Academic journal article Mennonite Quarterly Review

The Performance of Worship and the Ordering of Our Lives: Liturgy and Ethics in the Mennonite Tradition

Academic journal article Mennonite Quarterly Review

The Performance of Worship and the Ordering of Our Lives: Liturgy and Ethics in the Mennonite Tradition

Article excerpt

Abstract: Mennonites have long affirmed the unity of worship and work. Worship is not restricted merely to the practice of particular rituals and sacraments but extends to all of life--God is worshipped not only in words and music but also in the living of faithful lives. The risk inherent in this emphasis on the unity of worship and work is that when everything is worship, only passing attention is given to the specific ritualized practices of worship and they easily become neglected and left immature. Worship becomes understood too narrowly and instrumentally as a means of making disciples, often making the practices of worship overly verbal and dour. A morn comprehensive understanding of worship and its relationship to ethics is embedded within the order of service found in Hymnal: A Worship Book, reflecting a performative understanding of worship that it not limited to the ritualized practice of worship but can function as a paradigm for the performative work of the church in the world.

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Few would challenge the point that worship and the Christian life are closely connected. Indeed, the primary goal of most worship renewal movements has been the search for more "relevant" worship forms, for greater connectedness between worship and life. In many ways these are attempts to bridge a chasm between "church" and "politics" or between worship and ordinary life.

Mennonites--and they are not alone in this--have long emphasized the unity of worship and work. Typically they have insisted that worship encompasses all of life and cannot be restricted merely to the practice of particular rituals or sacraments. For the early Anabaptists a critical point of departure from the medieval church was their rejection of sacraments as opus operatum--in themselves, sacraments did not convey the grace of eternal life. Yet as Edward Poling claims in his description of early Anabaptist worship, this was "not to deny the sacred In life but to see that all of life was under God's dominion and thus special." (1) Anabaptists have affirmed an integral relationship between what is done in worship and what is done in life, between honoring God with words and music in worship and honoring God with obedient lives. (2) This unity of worship and work recognizes that all life is sacred and under God, and that Christians are invited to live their lives as sacrament, as holy. Worship and work are one.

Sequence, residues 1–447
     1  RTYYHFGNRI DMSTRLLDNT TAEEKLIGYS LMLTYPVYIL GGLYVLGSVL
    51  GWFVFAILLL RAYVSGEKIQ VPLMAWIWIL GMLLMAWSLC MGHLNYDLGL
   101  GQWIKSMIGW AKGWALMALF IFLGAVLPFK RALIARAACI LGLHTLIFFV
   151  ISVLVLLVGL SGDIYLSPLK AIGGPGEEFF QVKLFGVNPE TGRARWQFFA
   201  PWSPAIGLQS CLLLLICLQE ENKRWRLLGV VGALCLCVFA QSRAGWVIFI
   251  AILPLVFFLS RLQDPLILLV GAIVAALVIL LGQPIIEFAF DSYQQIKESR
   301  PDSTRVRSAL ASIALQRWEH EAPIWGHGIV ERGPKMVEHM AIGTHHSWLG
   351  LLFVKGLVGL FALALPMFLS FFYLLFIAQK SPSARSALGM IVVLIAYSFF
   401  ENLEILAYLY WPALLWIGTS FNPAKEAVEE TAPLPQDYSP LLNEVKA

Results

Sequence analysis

While Mennonites should value this emphasis, problems emerge when worship and work are not held in proper balance. The strong emphasis on service and the prominent place of discipleship ethics in Mennonite Christology and ecclesiology, combined with the virtual absence of an explicit Mennonite worship theology, can potentially lead to a one-sided focus on human action. An emphasis on human agency, viewed apart from the action of God, frequently gives rise to an instrumental understanding of worship in which worship functions primarily as a means of making disciples and can easily become overly verbal and dour. (3) Mennonites need to consider how our worship practices can serve to bind worship and work together. While it is tempting to begin this theologizing with a sustained reflection on various textual sources, inquiry into the practice of worship itself can also contribute to the development of a fuller understanding of worship and of work. In particular, the ritualized ordering of worship practices give further insight into the interplay of worship and ethics. The order of worship found in the Mennonite Church's Hymnal: A Worship Book, contains a model for a more comprehensive consideration of the relationship of worship and work. The ordering in the hymnbook reflects a performative understanding of worship that is not limited to worship but can function as a paradigm for the performative work of the church in the world. For Anabaptist-Mennonites, as for all Christians, the practices of the church are constitutive of its being. …

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